Okay, so you were so moved by the last lesson that you are sure you will not be successful timing the market and you’re sure there isn’t some investment expert or formula that can time the market either. Does this mean you are doomed as an investor?
Let’s look at some real world data.
This little bit was written for Charles Schwab, and I want to share it with you.
Imagine for a moment that you’ve just received a year-end bonus or income tax refund. You’re not sure whether to invest now or wait. After all, the market recently hit an all-time high. Now imagine that you face this kind of decision every year — sometimes in up markets, other times in downturns. Is there a good rule of thumb to follow?
Because timing the market perfectly is, well, about as likely as winning the lottery, the best strategy for most of us mere mortal investors is not to try to market-time at all.
But don’t take my word for it. Consider Schwab’s research on the performance of five hypothetical long-term investors following very different investment strategies. Each received $2,000 at the beginning of every year for 20 years, ending in 2012, and left the money in the market.
Check out how they did:
- Peter Perfect was a perfect market timer. He had incredible skill (or luck) and was able to place his $2,000 into the market every year at the lowest monthly close. He continued to time his investments perfectly every year through 2012.
- Ashley Action took a simple, consistent approach: Each year, once she received her cash, she invested her $2,000 in the market at the earliest possible moment.
- Matthew Monthly divided his annual $2,000 allotment into 12 equal portions, which he invested at the beginning of each month.
- Rosie Rotten had incredibly poor timing, or perhaps terribly bad luck. She invested her $2,000 each year at the market’s peak.
- Larry Linger left his money in cash investments (using Treasury bills as a proxy) every year and never got around to investing in stocks at all. He was always convinced that lower stock prices, and, therefore, better opportunities to invest his money, were just around the corner.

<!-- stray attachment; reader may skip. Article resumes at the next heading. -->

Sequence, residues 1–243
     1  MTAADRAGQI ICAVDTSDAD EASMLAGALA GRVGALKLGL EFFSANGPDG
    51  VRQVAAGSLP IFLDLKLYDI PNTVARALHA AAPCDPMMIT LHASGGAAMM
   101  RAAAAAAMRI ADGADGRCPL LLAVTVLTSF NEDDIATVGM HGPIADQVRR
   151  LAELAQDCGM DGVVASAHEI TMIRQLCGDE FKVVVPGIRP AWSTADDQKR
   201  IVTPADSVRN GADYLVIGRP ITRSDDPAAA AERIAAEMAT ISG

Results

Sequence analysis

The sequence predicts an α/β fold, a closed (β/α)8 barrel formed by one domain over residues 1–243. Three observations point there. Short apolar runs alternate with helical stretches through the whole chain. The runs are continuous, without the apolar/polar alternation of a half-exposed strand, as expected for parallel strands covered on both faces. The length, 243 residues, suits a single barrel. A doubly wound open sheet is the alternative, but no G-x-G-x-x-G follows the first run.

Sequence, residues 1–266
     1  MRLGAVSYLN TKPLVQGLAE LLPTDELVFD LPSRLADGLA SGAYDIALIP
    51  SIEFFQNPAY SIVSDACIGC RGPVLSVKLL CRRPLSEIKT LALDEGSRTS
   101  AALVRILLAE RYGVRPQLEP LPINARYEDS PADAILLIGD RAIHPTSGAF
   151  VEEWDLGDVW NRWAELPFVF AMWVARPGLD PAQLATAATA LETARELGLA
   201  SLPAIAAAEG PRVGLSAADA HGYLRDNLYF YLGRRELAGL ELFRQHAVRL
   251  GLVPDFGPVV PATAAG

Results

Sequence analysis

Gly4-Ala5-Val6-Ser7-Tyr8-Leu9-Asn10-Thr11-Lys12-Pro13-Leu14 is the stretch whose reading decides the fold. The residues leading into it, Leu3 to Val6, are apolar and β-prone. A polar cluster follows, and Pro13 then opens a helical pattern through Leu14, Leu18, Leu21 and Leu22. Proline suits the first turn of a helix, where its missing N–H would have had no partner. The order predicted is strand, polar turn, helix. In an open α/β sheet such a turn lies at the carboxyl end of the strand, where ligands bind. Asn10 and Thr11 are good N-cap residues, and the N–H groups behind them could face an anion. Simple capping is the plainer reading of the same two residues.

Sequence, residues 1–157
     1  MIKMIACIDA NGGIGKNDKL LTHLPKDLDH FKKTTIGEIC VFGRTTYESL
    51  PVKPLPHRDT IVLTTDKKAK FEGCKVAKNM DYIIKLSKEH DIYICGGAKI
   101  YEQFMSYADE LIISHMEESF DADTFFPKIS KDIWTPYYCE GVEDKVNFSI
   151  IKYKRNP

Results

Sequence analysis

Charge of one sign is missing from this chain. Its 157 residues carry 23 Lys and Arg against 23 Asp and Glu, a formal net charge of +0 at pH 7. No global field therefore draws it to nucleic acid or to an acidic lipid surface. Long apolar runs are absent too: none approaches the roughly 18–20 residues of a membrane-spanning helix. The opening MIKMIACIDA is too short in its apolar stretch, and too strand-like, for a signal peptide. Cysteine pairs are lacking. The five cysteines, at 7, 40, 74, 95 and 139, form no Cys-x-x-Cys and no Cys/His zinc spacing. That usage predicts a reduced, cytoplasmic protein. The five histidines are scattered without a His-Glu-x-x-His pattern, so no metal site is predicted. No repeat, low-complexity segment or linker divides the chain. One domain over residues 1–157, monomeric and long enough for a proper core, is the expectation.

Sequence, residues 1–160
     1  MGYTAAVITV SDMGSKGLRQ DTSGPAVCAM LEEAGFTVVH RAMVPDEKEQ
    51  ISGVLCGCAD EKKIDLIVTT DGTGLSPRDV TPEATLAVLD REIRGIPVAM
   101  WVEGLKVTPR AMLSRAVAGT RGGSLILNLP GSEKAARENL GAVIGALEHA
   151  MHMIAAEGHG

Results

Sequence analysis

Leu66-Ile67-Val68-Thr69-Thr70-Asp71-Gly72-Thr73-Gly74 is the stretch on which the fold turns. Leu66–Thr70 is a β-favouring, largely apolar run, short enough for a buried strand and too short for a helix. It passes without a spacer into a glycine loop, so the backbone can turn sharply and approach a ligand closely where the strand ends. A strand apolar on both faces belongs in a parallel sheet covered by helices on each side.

Here are the winners:
What do you notice?
Well, the perfect market timer, the investor who bought precisely at the very best times over the last 20 years, did the best. But look at the others. Other than the guy who didn’t invest at all, they all did well. The takeaway is that you do not need to be extraordinary. You don’t need a crystal ball to get a good investment return. Remember, it’s not about timing the market; it’s time in the market.
If that’s the case, then why do so many people do so poorly? You’ll find out what they do so wrong in the next lesson.
The proceeding blog post is an excerpt from Get Money Smart: Simple Lessons to Kickstart Your Financial Confidence & Grow Your Wealth, available now on Amazon.
About the Independent Financial Advisor
Robert Pagliarini, PhD, CFP®, EA has helped clients across the United States manage, grow, and preserve their wealth for the past 25 years. His goal is to provide comprehensive financial, investment, and tax advice in a way that was honest and ethical. In addition, he is a CFP® Board Ambassador, one of only 50 in the country, and a real fiduciary. In his spare time, he writes personal finance books, finance articles for Forbes and develops email and video financial courses to help educate others. With decades of experience as a financial advisor, the media often calls on him for his expertise. Contact Robert today to learn more about his financial planning services.